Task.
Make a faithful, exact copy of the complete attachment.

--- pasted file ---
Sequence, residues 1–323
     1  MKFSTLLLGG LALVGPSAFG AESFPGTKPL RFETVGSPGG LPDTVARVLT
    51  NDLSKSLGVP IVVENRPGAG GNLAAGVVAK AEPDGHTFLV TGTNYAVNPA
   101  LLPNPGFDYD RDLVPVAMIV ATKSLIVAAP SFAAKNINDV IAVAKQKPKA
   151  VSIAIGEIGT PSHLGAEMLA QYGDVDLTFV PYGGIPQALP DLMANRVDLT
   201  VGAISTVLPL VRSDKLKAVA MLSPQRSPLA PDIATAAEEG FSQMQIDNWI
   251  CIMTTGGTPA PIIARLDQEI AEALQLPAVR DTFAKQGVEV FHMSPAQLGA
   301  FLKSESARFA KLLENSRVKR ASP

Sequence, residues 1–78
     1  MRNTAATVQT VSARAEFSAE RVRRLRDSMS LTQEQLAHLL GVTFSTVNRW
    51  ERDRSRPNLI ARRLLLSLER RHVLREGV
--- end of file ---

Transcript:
Sequence, residues 1–323
     1  MKFSTLLLGG LALVGPSAFG AESFPGTKPL RFETVGSPGG LPDTVARVLT
    51  NDLSKSLGVP IVVENRPGAG GNLAAGVVAK AEPDGHTFLV TGTNYAVNPA
   101  LLPNPGFDYD RDLVPVAMIV ATKSLIVAAP SFAAKNINDV IAVAKQKPKA
   151  VSIAIGEIGT PSHLGAEMLA QYGDVDLTFV PYGGIPQALP DLMANRVDLT
   201  VGAISTVLPL VRSDKLKAVA MLSPQRSPLA PDIATAAEEG FSQMQIDNWI
   251  CIMTTGGTPA PIIARLDQEI AEALQLPAVR DTFAKQGVEV FHMSPAQLGA
   301  FLKSESARFA KLLENSRVKR ASP

Sequence, residues 1–78
     1  MRNTAATVQT VSARAEFSAE RVRRLRDSMS LTQEQLAHLL GVTFSTVNRW
    51  ERDRSRPNLI ARRLLLSLER RHVLREGV